Both Jumpei and Ted remind me a bit of Guy Fieri, a figure who helped make cooking “okay” for a lot of guys. Beyond that kind of “dude-safe” presentation, however, what I think contributes to them being strong models for a less damaging conception of masculinity is that they try to aid others find their own ways out of their own trauma, all the while being far from infallible. Their approaches to life don’t come without setbacks: Jumpei’s hot headedness gets him into plenty of trouble, and Ted’s American Midwestern positivity can sometimes leave certain problems unanswered. Yet, both are able to help others by being supportive, defiant, imperfect, and vulnerable. They provide a form of masculinity that isn’t just neutral but actually heals.


When it comes to the musical arts, I have to admit that I am quite lacking. I’m a novice in regards to musical theatre, and I am far from knowledgeable about popular music from my own era, let alone from decades prior. So it might seem unusual that I consider myself among the many who enjoy Glee, a show about a high school glee club populated by misfits which combines both of those elements and adds a large dose of teen drama to boot. But not only is Glee fun, it appeals to me on both artistic and intellectual levels as well.

The vast majority of fictional TV shows and films attempt to mimic reality. This does not necessarily mean that they are realistic or that they could be confused for anything but fiction, but that they attempt to create a simulacrum of the real world to facilitate their audiences’ suspension of disbelief, whether it’s Law & Order, The Expendables, or The Andy Griffith Show. Glee is different. Whereas most other shows want you to ignore their existence as “television programs,” Glee revels in the fact that it is fiction first, a portrayal of high school second. The method of characterization, the cinematography, the storylines, the acting, and, yes, even the music, all work together to create an experience where the viewer can practically see the strings and enjoy it for that reason. Its candor is something I can really appreciate, and when watching it I can feel myself picking up on the clever elements of its production while also engaging its story and characters.

Going back to how Glee fosters its self-image as fiction, I want to highlight how characterization is handled in particular. Let’s take Rachel Berry, the talented singer so driven by the pursuit of perfection that she can be incredibly abrasive even to the few friends that she has. In one episode, you learn that she is so constantly focused that she wakes up early every morning to the tune of Matthew Wilder’s “Break My Stride” and jumps on an elliptical for half an hour while staring at a self-made motivational note. Here, you can see how the show really exaggerates her personality traits almost to the point of tangibility. Other good examples include Sue Silvester, the cheerleading coach so Social-Darwinist in her beliefs and so ruthless in her methods that she practically comes across as a supervillain, Emma Pillsbury, the attractive guidance counselor whose neurotic obsession with cleanliness leaves her incapable of eating her own lunch without wearing gloves, and Kurt Hummel, a male soprano so accustomed to being bullied that he can plan his day around it and still remain outspoken. However, while these aspects make up a good portion of their characters, it doesn’t dominate their portrayals. They’re still allowed to grow and develop over the course of the series, and maybe learn an important lesson or two along the way.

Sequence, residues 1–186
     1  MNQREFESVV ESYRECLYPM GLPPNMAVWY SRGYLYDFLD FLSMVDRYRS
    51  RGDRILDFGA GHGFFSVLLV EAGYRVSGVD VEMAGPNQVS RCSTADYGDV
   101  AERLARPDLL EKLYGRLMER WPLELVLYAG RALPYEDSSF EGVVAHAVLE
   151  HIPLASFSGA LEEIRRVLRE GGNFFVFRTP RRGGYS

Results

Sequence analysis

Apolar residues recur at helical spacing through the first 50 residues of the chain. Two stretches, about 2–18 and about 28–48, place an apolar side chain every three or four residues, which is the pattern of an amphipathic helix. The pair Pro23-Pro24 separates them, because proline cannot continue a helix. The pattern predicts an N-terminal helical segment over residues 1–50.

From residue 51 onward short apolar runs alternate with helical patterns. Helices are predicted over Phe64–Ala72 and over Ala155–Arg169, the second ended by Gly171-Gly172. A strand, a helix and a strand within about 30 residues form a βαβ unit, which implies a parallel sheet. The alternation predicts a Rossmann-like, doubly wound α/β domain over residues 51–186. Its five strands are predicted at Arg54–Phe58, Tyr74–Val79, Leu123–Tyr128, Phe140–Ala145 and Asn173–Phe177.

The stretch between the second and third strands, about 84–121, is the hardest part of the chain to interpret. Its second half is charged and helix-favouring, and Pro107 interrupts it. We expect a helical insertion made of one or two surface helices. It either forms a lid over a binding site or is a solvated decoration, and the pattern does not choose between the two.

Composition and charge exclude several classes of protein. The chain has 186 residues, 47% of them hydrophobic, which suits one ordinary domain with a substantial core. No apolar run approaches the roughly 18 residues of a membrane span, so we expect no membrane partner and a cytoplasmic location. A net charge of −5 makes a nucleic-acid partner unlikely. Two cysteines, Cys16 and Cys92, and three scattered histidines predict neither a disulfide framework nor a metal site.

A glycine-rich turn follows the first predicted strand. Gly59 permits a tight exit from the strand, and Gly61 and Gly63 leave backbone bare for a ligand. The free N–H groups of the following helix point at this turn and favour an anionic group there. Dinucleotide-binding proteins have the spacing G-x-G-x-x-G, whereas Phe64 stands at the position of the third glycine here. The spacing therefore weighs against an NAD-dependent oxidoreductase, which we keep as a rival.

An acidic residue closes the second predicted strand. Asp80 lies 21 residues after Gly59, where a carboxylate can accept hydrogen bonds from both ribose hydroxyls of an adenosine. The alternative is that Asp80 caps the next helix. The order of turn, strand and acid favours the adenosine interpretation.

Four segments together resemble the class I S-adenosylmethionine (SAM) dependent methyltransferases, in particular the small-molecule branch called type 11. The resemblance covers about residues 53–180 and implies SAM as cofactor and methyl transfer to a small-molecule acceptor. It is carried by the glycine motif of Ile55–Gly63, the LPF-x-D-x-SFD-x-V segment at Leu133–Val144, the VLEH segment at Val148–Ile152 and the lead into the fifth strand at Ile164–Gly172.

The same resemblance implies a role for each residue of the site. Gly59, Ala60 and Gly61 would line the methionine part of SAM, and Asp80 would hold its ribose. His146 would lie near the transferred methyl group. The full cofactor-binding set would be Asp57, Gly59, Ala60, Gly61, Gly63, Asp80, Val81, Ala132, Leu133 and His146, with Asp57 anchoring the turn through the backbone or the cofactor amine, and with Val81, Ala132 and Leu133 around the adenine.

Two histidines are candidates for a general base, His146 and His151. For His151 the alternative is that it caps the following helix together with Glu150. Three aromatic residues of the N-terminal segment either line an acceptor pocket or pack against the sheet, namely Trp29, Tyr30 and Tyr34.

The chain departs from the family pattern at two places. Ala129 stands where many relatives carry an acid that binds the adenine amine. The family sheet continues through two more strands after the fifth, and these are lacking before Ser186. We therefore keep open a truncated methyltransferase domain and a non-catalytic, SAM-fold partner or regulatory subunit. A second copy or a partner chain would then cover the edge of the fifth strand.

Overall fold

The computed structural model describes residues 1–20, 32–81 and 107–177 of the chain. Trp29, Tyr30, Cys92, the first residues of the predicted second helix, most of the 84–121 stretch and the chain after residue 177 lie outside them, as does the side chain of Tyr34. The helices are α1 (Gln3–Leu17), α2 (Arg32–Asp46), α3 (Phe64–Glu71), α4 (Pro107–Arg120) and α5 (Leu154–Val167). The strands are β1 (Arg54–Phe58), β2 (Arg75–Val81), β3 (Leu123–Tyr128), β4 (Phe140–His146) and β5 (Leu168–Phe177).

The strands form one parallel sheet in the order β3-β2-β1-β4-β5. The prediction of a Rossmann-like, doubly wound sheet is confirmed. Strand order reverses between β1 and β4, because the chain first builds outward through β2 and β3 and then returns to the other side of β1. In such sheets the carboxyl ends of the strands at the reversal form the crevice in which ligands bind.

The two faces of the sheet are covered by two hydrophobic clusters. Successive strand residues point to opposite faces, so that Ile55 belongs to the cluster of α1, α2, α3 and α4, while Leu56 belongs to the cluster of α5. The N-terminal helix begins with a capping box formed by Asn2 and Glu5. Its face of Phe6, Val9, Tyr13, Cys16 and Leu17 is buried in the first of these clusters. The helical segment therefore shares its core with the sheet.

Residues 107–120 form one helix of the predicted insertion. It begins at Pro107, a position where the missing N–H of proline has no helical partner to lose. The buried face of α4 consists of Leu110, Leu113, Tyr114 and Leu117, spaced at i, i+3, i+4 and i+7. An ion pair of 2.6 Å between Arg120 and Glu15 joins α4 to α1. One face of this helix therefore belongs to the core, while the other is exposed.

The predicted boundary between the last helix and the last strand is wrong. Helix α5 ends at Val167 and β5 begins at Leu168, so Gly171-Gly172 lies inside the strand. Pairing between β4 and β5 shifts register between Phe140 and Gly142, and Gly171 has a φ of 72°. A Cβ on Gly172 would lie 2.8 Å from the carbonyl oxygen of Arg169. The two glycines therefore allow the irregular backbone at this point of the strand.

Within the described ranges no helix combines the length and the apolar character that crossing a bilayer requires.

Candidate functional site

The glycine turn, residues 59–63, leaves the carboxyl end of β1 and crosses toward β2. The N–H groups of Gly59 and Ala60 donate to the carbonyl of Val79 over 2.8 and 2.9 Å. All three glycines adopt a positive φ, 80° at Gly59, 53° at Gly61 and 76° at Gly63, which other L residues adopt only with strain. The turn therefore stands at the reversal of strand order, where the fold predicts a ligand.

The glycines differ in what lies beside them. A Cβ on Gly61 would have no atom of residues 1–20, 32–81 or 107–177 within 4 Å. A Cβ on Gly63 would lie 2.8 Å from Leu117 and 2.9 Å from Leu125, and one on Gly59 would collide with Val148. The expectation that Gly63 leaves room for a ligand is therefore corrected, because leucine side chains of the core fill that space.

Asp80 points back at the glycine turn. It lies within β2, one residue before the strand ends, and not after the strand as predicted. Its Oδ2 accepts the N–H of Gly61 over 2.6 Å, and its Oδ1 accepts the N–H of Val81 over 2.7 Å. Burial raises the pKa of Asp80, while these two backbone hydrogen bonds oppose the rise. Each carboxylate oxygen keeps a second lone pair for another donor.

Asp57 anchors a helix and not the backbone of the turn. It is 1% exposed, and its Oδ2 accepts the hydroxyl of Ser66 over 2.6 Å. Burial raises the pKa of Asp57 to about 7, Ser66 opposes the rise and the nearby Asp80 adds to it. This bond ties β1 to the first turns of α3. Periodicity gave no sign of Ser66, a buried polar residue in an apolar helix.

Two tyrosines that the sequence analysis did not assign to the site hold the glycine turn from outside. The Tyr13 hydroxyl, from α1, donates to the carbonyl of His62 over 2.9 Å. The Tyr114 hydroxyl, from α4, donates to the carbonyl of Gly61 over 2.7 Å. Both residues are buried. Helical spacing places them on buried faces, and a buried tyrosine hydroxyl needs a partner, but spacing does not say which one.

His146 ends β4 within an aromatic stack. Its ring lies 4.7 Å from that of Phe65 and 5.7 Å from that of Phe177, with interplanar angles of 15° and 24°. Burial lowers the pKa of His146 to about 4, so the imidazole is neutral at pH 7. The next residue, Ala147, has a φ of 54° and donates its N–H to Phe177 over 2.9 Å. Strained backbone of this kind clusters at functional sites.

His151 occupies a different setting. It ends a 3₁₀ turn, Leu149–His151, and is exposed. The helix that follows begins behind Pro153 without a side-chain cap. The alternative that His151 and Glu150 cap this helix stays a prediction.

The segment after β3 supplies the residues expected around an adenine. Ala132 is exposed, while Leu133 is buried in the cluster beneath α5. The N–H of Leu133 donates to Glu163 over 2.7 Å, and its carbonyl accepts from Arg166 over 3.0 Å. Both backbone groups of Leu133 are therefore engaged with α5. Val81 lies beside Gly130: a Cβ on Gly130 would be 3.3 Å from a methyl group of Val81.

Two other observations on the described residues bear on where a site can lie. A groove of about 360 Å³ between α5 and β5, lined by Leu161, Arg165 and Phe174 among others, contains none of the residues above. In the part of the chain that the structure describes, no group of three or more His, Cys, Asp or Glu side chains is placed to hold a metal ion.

If anything, the characterization in Glee reminds me of how many anime and manga approaches characters. There is a similar sense of over-the-top portrayals that are still able to create strong emotional connections and give room for genuine character growth that you might see in 70s sports shoujo (Aim for the Ace!, Swan) or the works of Imagawa Yasuhiro (G Gundam, Giant Robo: The Day the Earth Stood Still). In fact, I think that if someone were to adapt Glee into an anime, they would barely have to change a thing, and I mean that in the best way possible.

So despite the fact that I can’t recognize songs 9 out of 10 times unless they’re anime-related, I can recommend Glee. Well, at least the first season. I’ve yet to experience the second.